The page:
One of the most fascinating discussions I ever had about museum labels was at the Smithsonian National Air and Space Museum. A few years ago I was lucky enough to take a group of educators to DC for a week of learning in museums. We had the chance to meet with interpretative staff to learn about the design and execution of one of the museum’s permanent exhibitions, America by Air. The exhibit tells the story of commercial aviation in the United States, a pretty big topic the museum made digestible with innovative design and label writing.
I will be honest, Air and Space isn’t my favorite museum. I find it to be too much, too overwhelming, and too crowded. I also don’t like craning my neck to see the hanging objects. Commercial aviation doesn’t really excite me. But, once I learned about the subtle design elements in the America by Air exhibit I was engaged, for the first time ever, in this museum space.
The exhibit designers had included a mix of label types for the many types of visitors that frequent the National Air and Space Museum. Color coded labels provided interpretive information for grazers, enthusiasts, children, and families. Same content, different approaches. A visitor may not even notice these subtleties, but these design elements ensured the content was accessible for everyone.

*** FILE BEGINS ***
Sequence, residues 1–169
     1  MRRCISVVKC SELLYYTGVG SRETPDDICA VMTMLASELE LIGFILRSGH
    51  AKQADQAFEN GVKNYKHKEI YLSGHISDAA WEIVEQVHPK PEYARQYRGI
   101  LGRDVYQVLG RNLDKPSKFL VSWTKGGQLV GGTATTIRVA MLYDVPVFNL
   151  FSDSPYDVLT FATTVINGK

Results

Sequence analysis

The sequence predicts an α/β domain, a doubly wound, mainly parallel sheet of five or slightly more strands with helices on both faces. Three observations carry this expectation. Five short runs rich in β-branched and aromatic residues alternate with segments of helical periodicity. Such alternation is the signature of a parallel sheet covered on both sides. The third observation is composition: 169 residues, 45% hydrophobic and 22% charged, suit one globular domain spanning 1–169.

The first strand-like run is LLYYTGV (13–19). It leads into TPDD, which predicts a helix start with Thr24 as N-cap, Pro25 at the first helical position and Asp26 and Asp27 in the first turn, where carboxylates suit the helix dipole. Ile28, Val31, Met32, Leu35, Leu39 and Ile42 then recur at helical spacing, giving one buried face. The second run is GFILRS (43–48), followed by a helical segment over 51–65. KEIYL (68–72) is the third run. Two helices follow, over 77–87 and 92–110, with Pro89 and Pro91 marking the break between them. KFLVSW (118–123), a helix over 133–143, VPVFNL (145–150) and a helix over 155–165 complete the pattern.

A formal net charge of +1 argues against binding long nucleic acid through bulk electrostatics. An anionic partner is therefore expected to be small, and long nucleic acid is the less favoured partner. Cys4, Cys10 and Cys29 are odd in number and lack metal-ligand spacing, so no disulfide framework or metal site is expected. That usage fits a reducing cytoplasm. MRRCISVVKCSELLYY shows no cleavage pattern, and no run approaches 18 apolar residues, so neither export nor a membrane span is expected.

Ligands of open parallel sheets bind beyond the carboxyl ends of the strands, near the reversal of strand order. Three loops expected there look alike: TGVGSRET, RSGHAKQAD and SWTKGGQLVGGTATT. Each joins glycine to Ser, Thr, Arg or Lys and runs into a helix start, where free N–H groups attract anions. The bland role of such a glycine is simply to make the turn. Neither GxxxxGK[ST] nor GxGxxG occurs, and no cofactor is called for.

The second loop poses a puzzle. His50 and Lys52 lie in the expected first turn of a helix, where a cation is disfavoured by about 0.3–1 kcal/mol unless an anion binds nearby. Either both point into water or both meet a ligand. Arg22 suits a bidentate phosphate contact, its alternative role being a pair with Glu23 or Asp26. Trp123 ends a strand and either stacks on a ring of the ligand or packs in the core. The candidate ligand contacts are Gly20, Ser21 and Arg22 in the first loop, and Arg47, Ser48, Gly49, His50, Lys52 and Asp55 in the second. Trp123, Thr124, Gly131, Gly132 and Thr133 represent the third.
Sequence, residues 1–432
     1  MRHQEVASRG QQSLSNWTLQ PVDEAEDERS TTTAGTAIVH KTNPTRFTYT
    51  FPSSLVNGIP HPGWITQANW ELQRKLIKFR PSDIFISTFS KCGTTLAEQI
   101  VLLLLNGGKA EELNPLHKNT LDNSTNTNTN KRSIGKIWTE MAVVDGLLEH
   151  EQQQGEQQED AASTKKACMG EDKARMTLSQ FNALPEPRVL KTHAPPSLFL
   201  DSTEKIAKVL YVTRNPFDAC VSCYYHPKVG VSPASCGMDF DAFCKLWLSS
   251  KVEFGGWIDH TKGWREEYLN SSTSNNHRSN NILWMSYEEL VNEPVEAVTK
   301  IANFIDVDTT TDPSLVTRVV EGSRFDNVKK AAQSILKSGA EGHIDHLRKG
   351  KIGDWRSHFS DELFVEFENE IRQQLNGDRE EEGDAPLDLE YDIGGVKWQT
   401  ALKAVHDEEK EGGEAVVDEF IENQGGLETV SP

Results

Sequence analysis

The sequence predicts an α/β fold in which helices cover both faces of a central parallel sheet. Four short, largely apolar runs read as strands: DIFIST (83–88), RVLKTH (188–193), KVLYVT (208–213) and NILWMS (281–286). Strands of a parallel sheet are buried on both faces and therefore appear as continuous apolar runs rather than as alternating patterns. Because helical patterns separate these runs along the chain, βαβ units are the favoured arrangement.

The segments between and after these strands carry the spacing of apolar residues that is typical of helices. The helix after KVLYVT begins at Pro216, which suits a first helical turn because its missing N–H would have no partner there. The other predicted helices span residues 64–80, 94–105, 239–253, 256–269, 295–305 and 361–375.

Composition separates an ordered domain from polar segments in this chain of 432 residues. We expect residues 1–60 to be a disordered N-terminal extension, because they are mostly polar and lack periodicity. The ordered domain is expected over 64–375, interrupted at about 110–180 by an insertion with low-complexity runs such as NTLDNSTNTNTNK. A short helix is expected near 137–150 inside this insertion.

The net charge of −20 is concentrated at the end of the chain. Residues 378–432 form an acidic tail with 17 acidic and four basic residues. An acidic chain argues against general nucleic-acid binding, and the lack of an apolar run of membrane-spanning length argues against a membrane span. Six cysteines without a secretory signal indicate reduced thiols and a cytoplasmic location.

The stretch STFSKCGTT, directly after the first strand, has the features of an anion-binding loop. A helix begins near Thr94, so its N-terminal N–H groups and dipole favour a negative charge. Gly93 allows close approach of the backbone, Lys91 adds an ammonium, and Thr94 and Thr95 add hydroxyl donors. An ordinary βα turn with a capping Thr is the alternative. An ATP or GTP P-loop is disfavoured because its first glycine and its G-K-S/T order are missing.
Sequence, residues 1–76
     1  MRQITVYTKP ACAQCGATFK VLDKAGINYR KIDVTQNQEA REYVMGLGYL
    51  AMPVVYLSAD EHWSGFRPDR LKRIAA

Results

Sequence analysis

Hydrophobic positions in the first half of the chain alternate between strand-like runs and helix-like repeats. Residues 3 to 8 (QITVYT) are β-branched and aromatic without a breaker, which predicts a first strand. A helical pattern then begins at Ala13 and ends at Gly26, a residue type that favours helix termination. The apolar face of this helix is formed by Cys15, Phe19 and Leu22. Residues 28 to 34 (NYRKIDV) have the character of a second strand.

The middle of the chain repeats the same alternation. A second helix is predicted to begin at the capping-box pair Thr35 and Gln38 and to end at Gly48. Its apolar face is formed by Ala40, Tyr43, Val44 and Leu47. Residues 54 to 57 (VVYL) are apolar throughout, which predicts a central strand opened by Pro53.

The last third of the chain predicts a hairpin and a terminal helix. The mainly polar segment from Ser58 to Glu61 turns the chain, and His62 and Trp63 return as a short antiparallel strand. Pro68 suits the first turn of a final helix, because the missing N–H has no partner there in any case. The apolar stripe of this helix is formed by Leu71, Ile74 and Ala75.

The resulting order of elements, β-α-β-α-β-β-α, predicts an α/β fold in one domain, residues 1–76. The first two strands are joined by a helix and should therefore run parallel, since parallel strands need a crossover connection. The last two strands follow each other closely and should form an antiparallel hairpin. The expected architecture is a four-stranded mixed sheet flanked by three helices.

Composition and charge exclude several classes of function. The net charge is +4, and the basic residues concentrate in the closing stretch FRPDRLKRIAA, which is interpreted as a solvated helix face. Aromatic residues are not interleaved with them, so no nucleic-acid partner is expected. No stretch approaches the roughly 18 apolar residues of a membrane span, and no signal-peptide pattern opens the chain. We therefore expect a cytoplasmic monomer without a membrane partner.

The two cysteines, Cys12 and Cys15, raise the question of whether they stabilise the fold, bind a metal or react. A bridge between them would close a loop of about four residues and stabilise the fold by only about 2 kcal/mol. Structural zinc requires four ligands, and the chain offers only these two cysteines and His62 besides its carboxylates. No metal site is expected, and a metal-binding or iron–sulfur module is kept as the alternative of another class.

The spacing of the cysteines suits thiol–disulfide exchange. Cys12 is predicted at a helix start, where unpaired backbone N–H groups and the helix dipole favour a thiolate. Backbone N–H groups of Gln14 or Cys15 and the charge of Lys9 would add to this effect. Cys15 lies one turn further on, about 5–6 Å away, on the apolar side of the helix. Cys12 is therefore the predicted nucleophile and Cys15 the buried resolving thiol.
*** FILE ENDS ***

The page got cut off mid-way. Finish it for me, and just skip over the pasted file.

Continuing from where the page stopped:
I often tell this story when I talk to teachers about label writing in the classroom. I think it perfectly describes our job as educators. We need something for every type of learner in our classroom and our lessons have to whet the appetites of our students and engage them with unfamiliar content just enough to lead them to learn more and interact with new information.
I am proponent of teaching with and creating museum labels. Each year I eagerly away the Excellence in Exhibition Label Writing Competition. I am always in awe of the wordsmithing, the imagery, and the active language. It’s the type of writing we want our students to analyze and emulate.
Here are a few great resources for label writing in the classroom:
Label Standards from the Smithsonian
America by Air online exhibition here
Teachinghistory.org: My Piece of History